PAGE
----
A medical terminology achievement reading test (MART) administered to patients was developed for health care practitioners and researchers. In this study, 405 respondents from five populations (nursing home patients, college students, high school students, adult basic education students, and shopping mall customers) took both the MART and the Wide Range Achievement Test (WRAT). Cronbach's reliability test alpha indicated a high level (alpha = 0.98) of likelihood that the MART score is a good estimate of the true score (WRAT), and, therefore, reading ability. MART is designed to resemble a prescription label with its use of small print size, glossy cover, and medical terminology. This design allows practitioners and researchers to assess patients' inability to read the test. It is thought that its design and use of medical terminology makes the MART less threatening to patients than other literacy tests. Further studies of the MART in low-literate populations could determine whether this is true.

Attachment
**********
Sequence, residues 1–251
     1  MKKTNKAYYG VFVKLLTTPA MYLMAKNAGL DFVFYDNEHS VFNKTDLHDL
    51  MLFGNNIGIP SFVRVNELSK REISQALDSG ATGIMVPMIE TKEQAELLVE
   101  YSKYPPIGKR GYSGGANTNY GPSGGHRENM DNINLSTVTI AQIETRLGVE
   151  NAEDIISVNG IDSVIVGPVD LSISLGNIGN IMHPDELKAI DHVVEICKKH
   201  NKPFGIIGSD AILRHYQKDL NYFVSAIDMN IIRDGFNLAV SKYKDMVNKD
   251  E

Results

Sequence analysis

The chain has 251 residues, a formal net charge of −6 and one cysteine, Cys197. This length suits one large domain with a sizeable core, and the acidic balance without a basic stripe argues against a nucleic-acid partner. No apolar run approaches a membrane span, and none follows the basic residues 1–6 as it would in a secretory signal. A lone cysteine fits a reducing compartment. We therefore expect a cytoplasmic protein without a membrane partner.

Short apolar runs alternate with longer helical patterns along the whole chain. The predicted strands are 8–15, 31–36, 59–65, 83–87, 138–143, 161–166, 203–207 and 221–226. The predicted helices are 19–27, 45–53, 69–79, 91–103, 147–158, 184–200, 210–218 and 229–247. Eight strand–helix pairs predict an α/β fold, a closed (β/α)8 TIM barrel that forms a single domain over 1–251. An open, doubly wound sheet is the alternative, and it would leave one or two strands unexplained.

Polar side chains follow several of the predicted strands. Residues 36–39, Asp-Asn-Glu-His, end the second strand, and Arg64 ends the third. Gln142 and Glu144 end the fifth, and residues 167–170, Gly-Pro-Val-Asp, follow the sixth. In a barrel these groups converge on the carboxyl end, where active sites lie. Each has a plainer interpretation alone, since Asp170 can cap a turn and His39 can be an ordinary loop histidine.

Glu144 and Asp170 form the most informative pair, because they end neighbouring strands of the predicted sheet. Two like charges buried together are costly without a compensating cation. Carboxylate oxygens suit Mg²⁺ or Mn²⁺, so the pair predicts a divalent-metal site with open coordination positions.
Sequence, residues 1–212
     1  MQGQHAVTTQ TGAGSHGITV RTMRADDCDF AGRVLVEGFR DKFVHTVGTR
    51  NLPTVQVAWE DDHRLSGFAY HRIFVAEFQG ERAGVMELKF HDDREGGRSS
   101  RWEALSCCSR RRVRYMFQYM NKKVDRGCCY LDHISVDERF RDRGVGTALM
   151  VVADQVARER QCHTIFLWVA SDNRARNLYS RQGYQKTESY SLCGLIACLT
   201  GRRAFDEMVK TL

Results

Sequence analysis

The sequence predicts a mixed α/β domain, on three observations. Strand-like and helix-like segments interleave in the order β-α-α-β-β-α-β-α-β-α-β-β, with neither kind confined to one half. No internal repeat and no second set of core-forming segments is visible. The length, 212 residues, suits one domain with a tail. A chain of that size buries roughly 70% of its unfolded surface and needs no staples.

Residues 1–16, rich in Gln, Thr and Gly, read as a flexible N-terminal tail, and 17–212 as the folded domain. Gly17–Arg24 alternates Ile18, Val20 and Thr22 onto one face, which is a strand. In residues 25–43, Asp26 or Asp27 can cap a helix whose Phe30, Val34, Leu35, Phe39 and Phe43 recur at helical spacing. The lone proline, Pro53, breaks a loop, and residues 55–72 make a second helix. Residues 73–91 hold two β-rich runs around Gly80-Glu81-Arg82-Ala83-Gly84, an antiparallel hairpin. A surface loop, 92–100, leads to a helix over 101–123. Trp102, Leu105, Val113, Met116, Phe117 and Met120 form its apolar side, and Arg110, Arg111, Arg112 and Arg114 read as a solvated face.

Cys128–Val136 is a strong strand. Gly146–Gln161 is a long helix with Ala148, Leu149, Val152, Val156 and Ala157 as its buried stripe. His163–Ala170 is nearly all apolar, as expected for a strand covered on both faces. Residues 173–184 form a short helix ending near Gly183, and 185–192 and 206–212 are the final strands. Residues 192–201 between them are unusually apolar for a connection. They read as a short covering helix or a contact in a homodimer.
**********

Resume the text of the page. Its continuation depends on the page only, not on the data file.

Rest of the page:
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pp. 56-69
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